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Having wrought many changes, Napa library director Danis Kreimeier stepping down

Danis Kreimeier

Napa County Library Director Danis Kreimeier is retiring from her job in December.

Napa County Library Director Danis Kreimeier sees libraries as places to check out books, sure, but also to check out a bird-watching kit or to attend a program on art.

“Unlike school, where you have to be a certain level, here you can just put your toe in the water,” she said.

And no one’s grading you at what Kreimeier called the “people’s university,” conjuring up a phrase long used to described libraries in America. Patrons can even check out a guitar to see if they’re interested in playing before buying one themselves.

“It’s totally judgment free,” Kreimeier said. “We don’t judge. We’re information-neutral.”

As Napa County’s library director since 2008, Kreimeier helped to shape this local information world. She is retiring from the job in December.

Kreimeier, while growing up in Covina, wasn’t dreaming of someday being a librarian. In fact, while in high school, she dreamed of getting away from the library. Her parents would drop her off at the front door to do homework and she’d go out another door to be with friends.

“I kind of joke that it’s a cosmic payback that I have now spent my whole adult life in the library,” she said.

That cosmic payback began when she was finishing her English degree at Cal State Fullerton and wanted a part-time job. She started at the Fullerton public library in the children’s section shelving books.

As time went on, she started helping with the summer reading club and story time. Library work became more than a paycheck.

“I got to see that it was actually very creative and not just the stereotype that you think of a librarian,” Kreimeier said.

A career was born that ultimately brought her to Napa County in 2008 to head the local public library system. Since then, the system has seen a number of changes, among them:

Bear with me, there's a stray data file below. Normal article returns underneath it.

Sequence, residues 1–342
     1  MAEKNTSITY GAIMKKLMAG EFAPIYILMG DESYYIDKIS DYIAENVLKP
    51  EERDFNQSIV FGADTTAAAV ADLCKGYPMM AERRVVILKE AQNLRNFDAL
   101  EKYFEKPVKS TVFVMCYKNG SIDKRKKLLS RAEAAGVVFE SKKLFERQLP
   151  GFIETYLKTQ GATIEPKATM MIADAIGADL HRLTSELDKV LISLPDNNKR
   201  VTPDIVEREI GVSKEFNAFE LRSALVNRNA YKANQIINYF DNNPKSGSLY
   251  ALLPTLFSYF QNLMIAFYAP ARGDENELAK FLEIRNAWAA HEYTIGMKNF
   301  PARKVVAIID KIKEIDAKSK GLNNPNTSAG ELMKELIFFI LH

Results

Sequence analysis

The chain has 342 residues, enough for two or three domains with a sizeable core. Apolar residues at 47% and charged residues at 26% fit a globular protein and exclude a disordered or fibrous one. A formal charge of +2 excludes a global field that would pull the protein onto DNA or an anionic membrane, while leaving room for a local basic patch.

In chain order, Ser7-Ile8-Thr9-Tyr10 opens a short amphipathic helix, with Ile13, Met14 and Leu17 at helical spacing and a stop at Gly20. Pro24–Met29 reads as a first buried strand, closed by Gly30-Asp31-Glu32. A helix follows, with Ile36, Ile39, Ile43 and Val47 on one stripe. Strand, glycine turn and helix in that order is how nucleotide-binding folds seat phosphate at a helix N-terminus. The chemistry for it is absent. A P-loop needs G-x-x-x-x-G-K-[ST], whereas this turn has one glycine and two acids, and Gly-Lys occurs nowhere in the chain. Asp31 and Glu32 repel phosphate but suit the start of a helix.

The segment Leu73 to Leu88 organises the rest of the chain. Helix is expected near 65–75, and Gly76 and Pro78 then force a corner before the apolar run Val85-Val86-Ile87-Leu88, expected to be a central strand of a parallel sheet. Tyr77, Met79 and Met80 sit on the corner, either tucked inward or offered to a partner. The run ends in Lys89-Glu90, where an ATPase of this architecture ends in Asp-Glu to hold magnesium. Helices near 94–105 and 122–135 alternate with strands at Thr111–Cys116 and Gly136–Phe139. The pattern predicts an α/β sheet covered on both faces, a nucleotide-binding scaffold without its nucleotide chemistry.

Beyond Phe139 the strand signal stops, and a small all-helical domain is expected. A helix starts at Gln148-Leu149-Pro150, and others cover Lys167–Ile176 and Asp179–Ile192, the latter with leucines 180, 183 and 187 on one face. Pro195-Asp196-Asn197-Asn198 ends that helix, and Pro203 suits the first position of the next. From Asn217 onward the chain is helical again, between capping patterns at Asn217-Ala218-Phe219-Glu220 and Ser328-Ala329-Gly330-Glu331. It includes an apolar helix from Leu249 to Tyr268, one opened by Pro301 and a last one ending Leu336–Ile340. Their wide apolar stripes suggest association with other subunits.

— The Yountville branch moved to its present location in the Yountville Community Center in 2010.

— The Napa Main Library in 2011 underwent a $643,000 first floor remodel.

— The American Canyon branch in 2012 moved from a commercial building to the former City Hall building.

— A new online catalog debuted in 2016, including access to Link +, which allows patrons to check out items from more than 60 other libraries in California, Nevada and Arizona.

— The Calistoga branch was remodeled in 2016 at a cost of more than $1 million.

— The Napa Main Library in 2016-17 saw another $2.7 million in work, including a remodeled children’s section, redesigned circulation and administration areas and the addition of automatic book sorting.

Then there are smaller changes, such as the addition of an outdoor vending machine to lend movies in 2017 and the Library of Things in 2018 that makes guitars, telescopes, ukuleles and other items available for checkout.

Almost everybody may have a smartphone these days, but Kreimeier doesn’t see the “people’s university” as becoming a musty relic.

Some studies show that millennials use the library more than other age groups, she said. They participate in the shared economy and can get materials from the library for free without owning them.

“The library is probably the oldest ‘green’ economy you can think of,” Kreimeier said.

Today’s local libraries are about more than book stacks. They are libraries, not museums, so they are trying to change with the times.

“There are so many different ways now to read,” Kreimeier said. “You can read a book, you can read an article, you can read a tweet, you can stream something, listen to audio. It’s not just the flat, printed word, anymore. It comes in all different formats.”

During the recent Pacific, Gas & Electric public safety power shutoffs, people flocked to the Napa Main Library, which still had electricity. Kreimeier said the door count rose 92 percent and the Wi-Fi usage rose 600 percent.

The library served as a place where people could connect with each other – and to the internet. Kreimeier sees libraries as continuing to be a community hub, even when PG&E isn’t trying to prevent wildfires by imposing blackouts in other parts of the county.

“People have a yearning – there’s like the third place,” Kreimeier said. “There’s home, there’s work. We’re the one other place where you can go where you don’t have to pay and you can just be.”

Kreimeier will soon go from being library director to patron. She won’t have to go far to reach the Napa Main Library, as she lives within walking distance.

She likely won’t get to retirement without receiving a proclamation from Napa County. The Board of Supervisors indicated at its Nov. 19 meeting that a paper with lots of “whereases” and a “therefore” is headed her way at a future meeting.

“We’ll make sure to celebrate you in a few weeks and congrats on your pending retirement, and we’ll miss you,” Board of Supervisors Chair Ryan Gregory said.

You can reach Barry Eberling at 256-2253 or

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Napa County Reporter

Barry Eberling covers Napa County government, transportation, the environment and general assignments. He has worked for the Napa Valley Register since fall 2014 and previously worked 27 years for the Daily Republic of Fairfield.

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